UK defence secretary Sir Michael Fallon came to Port Glasgow yesterday scouting out Ferguson’s for a possible share of a £1.25 billion Royal Navy contract.

Last month, Sir Michael announced that five new frigates would be built by 2023 as he unveiled a new national shipbuilding strategy aimed at spreading construction work across Britain’s shipyards.

The defence secretary specifically mentioned Ferguson Marine as a contender for some of the work and yesterday he had a tour around the redeveloped Newark site.

Sir Michael said: “With our cutting-edge Type 26 frigates already being built on the Clyde, I know Scottish skilled engineers will relish the chance to compete to build a brand new class of warships for the growing Royal Navy.

“We want to make the most of the renaissance in UK shipbuilding, delivering the latest ships that will help protect our nation and our interests across the world.”

Five new Type 31e class frigates are to be built over the next six years capped at a cost of £250 million each.

Ferguson’s is on the Ministry of Defence ‘roster’ for Royal Navy work and new chief executive Gerry Marshall attended the launch of the Type 31 programme last month.

Inverclyde MP Ronnie Cowan has also made the case for the Port yard at Westminster and spoke with senior government figures, including the minister for defence procurement, Harriet Baldwin MP.

The defence secretary has committed to visiting all of the UK’s major shipyards as part of the Type 31e programme and yesterday was Ferguson’s turn.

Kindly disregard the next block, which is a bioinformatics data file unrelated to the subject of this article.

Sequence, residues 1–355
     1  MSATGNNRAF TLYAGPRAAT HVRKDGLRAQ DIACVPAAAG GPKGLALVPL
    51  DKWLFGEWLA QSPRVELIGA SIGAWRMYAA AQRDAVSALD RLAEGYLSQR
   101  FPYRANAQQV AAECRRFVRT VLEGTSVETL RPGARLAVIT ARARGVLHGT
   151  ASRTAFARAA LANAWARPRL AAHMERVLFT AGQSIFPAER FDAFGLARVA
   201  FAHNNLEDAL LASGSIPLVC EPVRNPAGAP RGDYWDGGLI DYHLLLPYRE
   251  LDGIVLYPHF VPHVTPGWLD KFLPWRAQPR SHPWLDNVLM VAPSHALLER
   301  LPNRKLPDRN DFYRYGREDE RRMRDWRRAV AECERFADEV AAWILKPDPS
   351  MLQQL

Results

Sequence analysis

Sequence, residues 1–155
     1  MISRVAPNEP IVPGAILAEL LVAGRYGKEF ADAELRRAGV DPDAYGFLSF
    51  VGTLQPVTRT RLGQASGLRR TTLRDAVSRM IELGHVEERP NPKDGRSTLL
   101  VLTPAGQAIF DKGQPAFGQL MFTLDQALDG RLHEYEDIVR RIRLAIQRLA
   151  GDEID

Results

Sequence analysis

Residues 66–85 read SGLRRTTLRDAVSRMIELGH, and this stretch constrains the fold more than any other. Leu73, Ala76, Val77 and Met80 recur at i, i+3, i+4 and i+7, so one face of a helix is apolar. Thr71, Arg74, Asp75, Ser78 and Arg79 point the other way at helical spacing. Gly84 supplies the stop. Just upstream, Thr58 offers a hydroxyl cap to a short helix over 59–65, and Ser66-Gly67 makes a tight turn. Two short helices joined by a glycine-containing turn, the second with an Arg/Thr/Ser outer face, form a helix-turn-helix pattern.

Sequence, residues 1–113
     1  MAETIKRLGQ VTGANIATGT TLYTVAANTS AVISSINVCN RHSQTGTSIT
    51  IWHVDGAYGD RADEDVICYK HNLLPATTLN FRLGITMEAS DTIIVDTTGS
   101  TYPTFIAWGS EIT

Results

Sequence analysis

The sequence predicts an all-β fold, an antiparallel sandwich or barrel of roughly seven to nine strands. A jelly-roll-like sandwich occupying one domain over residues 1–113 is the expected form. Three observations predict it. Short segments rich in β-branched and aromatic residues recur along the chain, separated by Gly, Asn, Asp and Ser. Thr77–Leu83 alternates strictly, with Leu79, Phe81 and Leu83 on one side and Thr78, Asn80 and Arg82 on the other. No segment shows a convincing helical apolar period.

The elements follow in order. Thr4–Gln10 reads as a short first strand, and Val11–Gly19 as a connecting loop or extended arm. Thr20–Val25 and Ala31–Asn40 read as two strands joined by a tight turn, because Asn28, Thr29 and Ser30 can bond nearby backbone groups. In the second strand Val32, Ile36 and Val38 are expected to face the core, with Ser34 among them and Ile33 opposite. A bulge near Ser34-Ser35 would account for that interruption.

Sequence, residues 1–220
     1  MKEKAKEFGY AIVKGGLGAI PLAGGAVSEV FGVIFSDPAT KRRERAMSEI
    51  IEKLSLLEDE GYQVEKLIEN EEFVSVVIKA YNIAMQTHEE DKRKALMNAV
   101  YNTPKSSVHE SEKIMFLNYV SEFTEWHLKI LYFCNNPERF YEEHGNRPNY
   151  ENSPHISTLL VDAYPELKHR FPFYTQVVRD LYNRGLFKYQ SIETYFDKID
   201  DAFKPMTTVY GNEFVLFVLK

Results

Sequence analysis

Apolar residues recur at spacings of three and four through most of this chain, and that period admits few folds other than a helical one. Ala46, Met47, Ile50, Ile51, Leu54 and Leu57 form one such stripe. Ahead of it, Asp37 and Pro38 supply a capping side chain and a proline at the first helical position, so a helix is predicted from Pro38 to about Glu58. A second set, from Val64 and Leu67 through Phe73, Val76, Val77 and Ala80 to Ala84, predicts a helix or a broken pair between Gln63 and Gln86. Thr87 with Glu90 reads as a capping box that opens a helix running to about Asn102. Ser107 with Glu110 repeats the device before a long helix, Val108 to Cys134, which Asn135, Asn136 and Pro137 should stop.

Earlier in the day his wife, Lady Wendy Fallon, was at BAE Systems’ in Scotstoun to formally name the second offshore patrol vessel constructed there, HMS Medway.

MoD officials have said Ferguson’s has the opportunity to compete for the Type 31e work.

One of the proposals being considered is to build the frigates in blocks around the country before assembling them at a central hub.

Earlier this week concerns were raised that smaller sites across the UK will not benefit from the Type 31e programme after BAE confirmed a joint bid for the work with Cammell Laird in Merseyside, one of the largest shipbuilders in the country.

Bidding for the work is expected to start next year with construction due to begin in 2019.

Speaking last month, Sir Michael said it was a ‘huge opportunity’ for the country’s shipyards and specifically mentioned Ferguson’s.

He said: “Govan can compete for that, so can Ferguson’s further down the Clyde, they could be built at Rosyth.

“Any of the yards in Britain will be free to compete.”